Epilepsy occurred in approximately two-thirds of infants with congenital Zika virus infection in a study of 141 children.

A dictionary page shows the word Zika. copyright Devonyu/Thinkstock

“When ZIKV [Zika virus] infection is acquired in utero, it may be associated with epilepsy, and we characterized aspects of this complication in a study performed at our referral center,” wrote Hélio van der Linden Jr., MD, of Dr. Henrique Santillo Rehabilitation and Readaptation Center in Goiânia, Brazil, and colleagues in a letter to the editor published in the New England Journal of Medicine.

The researchers reviewed data from 141 infants aged 1-14 months with a median age of 9 months and Zika virus infection confirmed by laboratory analysis; 55% were girls.

The prevalence of epilepsy was 67%, with a mean age at onset of 4.9 months. Based on data provided by parents, 74% of the children experienced seizures at 6 months of age or younger.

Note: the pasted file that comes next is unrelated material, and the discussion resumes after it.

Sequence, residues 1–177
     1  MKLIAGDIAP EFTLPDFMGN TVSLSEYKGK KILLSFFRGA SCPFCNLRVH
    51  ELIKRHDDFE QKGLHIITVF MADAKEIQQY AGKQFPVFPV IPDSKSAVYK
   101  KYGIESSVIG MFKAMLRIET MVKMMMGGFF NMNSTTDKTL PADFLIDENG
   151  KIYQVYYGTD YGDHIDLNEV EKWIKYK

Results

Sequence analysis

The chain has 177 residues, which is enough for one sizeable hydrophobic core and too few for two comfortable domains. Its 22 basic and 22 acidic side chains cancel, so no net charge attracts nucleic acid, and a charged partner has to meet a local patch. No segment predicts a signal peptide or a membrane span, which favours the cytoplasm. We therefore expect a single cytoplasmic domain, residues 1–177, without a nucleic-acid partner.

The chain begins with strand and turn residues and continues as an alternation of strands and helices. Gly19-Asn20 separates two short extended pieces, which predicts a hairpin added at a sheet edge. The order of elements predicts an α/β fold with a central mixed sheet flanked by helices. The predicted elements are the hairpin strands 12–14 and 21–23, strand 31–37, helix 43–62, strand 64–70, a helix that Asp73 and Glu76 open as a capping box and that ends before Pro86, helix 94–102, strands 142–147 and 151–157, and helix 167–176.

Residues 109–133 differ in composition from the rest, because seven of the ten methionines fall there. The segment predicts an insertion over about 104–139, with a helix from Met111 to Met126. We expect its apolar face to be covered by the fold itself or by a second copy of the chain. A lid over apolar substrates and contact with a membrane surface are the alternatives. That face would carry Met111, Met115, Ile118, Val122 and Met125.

Overall, 77% of the infants experienced a single type of seizure. Epileptic spasms, the most common type, occurred in 72% of infants, followed by focal motor seizure (21%) and tonic seizures (4%).

All 95 epileptic infants were treated with antiepileptic medications and 62 (65%) achieved remission. Of those in remission, 24 (39%) received monotherapy and 38 (61%) received polytherapy. The drugs most associated with seizure control were vigabatrin, levetiracetam, valproate, and phenobarbital.

The prevalence of epilepsy in this study was higher than that seen in previous studies, and most patients had early-onset, drug-resistant epilepsy, the researchers noted. However, burst-suppression patterns and hypsarrhythmia on EEG predicted more severe disease and suggest that epilepsy might complicate cases of congenital Zika infection, they said.

The researchers had no financial conflicts to disclose.

SOURCE: van der Linden H et al. N Engl J Med. 2018 Aug 30. doi: 10.1056/NEJMc1716070.